Archive for May, 2010

Matheological Mystery Tour

May 16, 2010

Is mathematical reasoning—deductions based on axioms—as precise and infallible as it seems? Should the products of equations have the last word with regard to the determination of hard fact and sound theory? Are such products really the ultimate measures of certainty? That depends on whether the axioms of mathematics reflect eternal truths, and the truth is that, despite their usefulness for certain purposes, they are the products of a potent but imperfect logic—call it: matheologic. For matheological thinkers, math is a religion, numbers are god, and to question their word is heresy. 

Mathematics, like everything in Omniverse, is a product of imagination, of creative thought. Math is more akin to abstract art and jazz music than generally realized. Nothing in existence within the nine dimensions of asymmetrical Omniverse is, or can be, absolute; nothing is perfect, not even E=MC2. Math, while useful, is not perfect, nor can it be made perfect. And if we forget this, then the use of mathematics, of matheological thinking, presents more problems than solutions. Numerical assessments imply correctness, especially correctness of prediction, and correctness, like completeness, is unachievable.

Yet effectiveness in all things “under the Sun” is possible because Imagination, Consciousness, Desire, Creativity, and Will are of a higher order than math or arithmetic. Qualities precede, and supersede, quantities. Deep down we all know this, but it is easily forgotten in the face of such intimidating “realities” as: economic downturns, adverse stock market reports, and climate-change statistics. Not that “doing the numbers” lacks utility or significance; it is simply that “the numbers” are not of primary importance. No tool is of a higher order than the toolmaker, nor any structure fabricated through its use.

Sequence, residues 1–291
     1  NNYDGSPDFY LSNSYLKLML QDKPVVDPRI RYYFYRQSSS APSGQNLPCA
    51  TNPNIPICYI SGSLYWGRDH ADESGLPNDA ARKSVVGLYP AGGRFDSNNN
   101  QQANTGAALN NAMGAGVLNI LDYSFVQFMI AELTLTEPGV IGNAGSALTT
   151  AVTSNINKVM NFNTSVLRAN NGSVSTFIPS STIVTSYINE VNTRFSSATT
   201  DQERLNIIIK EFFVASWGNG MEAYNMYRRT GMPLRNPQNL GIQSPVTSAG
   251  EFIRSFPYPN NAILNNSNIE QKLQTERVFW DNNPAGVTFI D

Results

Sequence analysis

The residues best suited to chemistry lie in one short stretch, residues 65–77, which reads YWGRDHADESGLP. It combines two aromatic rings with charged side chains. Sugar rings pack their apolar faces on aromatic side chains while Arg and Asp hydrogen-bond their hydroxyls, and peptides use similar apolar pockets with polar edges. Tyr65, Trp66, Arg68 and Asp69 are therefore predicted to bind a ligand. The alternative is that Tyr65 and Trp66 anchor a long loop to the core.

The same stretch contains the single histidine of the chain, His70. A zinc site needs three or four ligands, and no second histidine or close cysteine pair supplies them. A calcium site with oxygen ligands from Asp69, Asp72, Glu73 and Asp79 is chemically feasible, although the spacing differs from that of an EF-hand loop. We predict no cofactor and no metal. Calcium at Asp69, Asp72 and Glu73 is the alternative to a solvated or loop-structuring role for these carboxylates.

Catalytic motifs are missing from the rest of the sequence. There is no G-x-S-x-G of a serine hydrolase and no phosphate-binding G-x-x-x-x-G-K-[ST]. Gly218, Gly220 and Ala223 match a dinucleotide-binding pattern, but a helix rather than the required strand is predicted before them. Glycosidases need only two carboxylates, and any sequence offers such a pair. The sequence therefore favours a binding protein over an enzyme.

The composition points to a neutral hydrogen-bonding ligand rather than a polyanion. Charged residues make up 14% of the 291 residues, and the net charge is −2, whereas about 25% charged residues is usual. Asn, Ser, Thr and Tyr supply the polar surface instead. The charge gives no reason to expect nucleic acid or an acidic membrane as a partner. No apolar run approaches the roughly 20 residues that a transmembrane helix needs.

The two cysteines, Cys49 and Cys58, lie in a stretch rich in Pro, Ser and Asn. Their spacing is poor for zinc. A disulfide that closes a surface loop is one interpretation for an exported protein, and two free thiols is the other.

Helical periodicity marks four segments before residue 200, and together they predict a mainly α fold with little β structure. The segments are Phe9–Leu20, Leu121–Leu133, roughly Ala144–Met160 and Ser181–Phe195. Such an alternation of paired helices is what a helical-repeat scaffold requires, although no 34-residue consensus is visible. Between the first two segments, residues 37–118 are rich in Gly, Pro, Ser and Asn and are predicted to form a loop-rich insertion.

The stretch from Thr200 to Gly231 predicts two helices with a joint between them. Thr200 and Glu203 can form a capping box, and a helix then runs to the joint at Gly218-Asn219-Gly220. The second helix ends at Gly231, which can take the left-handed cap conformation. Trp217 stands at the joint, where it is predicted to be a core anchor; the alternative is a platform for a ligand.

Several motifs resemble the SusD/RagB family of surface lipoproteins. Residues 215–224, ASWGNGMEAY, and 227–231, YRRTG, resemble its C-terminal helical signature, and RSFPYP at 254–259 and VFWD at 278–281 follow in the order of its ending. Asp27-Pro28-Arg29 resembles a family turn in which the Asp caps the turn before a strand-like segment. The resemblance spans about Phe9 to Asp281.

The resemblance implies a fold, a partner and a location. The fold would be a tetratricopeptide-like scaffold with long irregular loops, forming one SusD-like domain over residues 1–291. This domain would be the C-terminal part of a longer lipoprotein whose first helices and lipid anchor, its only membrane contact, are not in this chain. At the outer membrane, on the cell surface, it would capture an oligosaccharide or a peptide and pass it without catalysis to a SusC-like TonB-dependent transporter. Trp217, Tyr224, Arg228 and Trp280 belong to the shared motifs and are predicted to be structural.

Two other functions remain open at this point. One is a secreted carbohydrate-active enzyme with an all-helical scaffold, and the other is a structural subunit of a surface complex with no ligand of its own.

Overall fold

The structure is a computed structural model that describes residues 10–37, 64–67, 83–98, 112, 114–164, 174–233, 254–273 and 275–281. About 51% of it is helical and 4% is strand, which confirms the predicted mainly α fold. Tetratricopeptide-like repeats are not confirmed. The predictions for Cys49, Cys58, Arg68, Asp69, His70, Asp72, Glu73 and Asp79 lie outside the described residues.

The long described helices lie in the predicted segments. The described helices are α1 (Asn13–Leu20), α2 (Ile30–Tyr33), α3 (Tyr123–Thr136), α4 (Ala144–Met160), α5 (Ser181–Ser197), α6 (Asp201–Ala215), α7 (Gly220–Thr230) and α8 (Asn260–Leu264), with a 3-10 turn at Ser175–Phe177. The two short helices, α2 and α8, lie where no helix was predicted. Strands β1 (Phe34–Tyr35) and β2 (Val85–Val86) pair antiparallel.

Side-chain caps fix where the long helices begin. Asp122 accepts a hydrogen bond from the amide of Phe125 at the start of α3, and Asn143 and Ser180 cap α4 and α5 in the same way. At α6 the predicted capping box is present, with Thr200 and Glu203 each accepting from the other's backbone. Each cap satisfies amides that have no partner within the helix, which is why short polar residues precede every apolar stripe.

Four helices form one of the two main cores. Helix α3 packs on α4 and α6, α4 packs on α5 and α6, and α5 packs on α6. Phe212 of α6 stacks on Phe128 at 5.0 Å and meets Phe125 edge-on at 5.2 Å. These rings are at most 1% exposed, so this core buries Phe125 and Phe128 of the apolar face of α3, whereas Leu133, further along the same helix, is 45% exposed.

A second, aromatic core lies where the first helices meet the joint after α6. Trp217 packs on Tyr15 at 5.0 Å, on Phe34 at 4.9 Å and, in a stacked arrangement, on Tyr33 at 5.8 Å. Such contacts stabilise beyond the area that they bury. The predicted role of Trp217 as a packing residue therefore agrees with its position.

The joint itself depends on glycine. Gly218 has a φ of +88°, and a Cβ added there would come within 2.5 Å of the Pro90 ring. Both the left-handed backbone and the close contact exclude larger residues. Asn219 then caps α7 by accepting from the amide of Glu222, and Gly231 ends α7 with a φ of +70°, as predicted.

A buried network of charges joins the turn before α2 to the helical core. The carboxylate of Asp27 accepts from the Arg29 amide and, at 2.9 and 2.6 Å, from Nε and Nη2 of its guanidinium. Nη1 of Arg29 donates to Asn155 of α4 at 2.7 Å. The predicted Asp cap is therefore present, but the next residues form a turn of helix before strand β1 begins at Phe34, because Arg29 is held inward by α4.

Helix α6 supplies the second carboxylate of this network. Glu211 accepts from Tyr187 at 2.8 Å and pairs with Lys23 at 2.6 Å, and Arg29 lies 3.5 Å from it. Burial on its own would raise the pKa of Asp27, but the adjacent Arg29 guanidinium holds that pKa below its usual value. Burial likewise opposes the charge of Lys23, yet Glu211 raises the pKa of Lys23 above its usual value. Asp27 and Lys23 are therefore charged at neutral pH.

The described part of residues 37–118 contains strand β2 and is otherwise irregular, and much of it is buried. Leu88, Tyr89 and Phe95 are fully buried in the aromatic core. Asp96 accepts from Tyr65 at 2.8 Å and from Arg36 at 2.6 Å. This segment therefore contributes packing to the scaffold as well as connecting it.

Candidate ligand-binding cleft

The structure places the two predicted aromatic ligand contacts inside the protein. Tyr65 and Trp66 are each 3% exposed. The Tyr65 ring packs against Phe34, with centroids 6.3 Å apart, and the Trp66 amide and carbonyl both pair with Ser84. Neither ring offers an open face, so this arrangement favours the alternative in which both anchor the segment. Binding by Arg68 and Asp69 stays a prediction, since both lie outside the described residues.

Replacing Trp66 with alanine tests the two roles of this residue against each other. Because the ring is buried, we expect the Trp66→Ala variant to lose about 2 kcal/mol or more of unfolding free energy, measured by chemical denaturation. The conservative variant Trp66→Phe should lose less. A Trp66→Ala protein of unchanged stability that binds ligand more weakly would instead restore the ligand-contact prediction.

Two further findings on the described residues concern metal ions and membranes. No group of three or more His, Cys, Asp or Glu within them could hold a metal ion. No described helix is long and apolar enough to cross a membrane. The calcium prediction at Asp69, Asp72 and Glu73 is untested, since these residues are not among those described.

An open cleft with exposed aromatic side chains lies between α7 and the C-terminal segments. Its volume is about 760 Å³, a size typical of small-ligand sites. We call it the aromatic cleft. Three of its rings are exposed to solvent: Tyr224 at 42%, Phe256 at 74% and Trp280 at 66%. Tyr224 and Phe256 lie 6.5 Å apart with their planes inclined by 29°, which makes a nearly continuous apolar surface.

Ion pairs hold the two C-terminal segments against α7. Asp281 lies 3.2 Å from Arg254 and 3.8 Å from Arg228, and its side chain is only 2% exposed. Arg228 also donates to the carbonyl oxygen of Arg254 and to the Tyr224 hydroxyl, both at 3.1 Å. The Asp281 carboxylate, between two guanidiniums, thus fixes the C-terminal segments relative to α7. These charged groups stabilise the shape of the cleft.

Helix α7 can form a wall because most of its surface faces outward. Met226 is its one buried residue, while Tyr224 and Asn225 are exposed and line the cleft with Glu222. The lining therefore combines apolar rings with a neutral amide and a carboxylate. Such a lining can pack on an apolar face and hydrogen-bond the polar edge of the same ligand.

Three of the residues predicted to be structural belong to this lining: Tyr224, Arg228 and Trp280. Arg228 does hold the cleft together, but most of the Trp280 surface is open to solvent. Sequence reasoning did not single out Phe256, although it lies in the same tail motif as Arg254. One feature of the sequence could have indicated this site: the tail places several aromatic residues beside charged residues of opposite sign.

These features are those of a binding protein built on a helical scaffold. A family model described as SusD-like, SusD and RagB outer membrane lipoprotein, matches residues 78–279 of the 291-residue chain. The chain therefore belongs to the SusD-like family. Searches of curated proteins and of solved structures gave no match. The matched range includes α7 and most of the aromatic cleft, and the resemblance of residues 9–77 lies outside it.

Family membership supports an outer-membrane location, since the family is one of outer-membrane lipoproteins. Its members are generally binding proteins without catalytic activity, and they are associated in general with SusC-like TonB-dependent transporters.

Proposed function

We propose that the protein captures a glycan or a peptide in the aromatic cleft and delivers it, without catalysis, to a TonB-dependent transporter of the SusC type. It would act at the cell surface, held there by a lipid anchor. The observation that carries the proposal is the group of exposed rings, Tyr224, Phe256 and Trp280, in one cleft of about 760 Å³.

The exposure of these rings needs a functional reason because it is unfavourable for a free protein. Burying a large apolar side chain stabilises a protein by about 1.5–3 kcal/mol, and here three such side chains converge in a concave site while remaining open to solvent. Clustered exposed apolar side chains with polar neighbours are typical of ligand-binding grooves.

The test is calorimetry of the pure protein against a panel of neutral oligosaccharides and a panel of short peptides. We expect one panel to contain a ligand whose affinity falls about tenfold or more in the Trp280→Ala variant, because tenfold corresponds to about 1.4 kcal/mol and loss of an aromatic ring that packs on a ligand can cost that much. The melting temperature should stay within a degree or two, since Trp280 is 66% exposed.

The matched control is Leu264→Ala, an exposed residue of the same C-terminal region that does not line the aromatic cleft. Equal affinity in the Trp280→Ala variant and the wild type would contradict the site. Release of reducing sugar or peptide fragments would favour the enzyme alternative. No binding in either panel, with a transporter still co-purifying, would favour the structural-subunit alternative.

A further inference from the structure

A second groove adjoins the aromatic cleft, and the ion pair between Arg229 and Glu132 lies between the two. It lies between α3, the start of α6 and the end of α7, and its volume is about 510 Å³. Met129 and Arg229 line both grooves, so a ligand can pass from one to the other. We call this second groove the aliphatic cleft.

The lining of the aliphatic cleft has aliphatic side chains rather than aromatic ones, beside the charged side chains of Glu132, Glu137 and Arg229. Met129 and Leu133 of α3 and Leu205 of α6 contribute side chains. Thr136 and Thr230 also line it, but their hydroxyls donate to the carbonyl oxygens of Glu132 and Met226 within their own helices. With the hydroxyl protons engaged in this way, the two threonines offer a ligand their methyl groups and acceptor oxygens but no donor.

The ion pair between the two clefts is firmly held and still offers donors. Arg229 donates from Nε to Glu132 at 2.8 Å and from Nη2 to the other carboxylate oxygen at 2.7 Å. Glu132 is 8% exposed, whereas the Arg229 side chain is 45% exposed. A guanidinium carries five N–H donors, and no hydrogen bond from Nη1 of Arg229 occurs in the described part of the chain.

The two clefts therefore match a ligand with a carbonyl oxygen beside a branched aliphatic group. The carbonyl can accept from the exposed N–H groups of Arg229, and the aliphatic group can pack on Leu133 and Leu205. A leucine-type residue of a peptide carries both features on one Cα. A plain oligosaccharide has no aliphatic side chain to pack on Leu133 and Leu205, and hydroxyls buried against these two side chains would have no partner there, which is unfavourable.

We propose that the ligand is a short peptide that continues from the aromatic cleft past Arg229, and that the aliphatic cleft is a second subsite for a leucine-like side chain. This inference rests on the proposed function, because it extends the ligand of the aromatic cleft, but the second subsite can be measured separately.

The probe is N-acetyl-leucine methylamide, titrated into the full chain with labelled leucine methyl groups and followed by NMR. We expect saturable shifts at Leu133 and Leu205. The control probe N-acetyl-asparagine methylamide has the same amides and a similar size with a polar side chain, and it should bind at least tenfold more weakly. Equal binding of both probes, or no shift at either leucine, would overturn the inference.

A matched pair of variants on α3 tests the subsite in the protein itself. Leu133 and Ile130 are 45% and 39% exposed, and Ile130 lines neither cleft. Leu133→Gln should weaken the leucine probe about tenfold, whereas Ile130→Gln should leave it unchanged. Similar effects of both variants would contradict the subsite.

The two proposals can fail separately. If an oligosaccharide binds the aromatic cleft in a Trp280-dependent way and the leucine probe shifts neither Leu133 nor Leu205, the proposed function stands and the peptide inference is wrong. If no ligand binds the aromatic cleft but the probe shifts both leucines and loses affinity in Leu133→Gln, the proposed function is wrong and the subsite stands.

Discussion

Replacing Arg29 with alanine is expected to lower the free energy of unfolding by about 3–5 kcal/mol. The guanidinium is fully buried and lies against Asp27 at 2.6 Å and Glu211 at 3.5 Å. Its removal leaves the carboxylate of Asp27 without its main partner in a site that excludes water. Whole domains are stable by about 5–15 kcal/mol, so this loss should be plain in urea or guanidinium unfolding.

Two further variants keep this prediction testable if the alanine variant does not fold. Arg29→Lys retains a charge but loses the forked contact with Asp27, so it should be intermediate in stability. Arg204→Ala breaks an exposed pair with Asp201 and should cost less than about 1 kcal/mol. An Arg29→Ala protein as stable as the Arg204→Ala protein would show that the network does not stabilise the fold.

So, how much trust should we place in, for example, a theory that is entirely or mainly dependent on mathematical proofs? How much faith should we place in sacred statistics, especially in the hands of less-than-objective proponents of a given agenda? Risky business. Consider the global warming debacle where numbers alongside of pictures appeared compelling, and the accompanying arguments seemed logical and clear; the truth no longer looks so certain now that the matheological “spell” has been lifted. Pay no attention to the man behind the curtain. Pay no attention at your own peril. 

The best approach to decision-making is to allow indicators other than mathematically derived and logically calculated appraisals, assessments, and projections to lead the way. In setting the direction for a government, a company, or a household, a Noetic science-based approach is multi-sensible. The most successful CEOs will admit that their (measurably) best decisions are often the ones made against advice of accountants, legal advisors, and other competent professionals who perceived such gut-level decisions as counterintuitive—a term we hear frequently from unimaginative thinkers who know not the meaning of intuition. Not that their input lacks value; you just cannot “count on it.”


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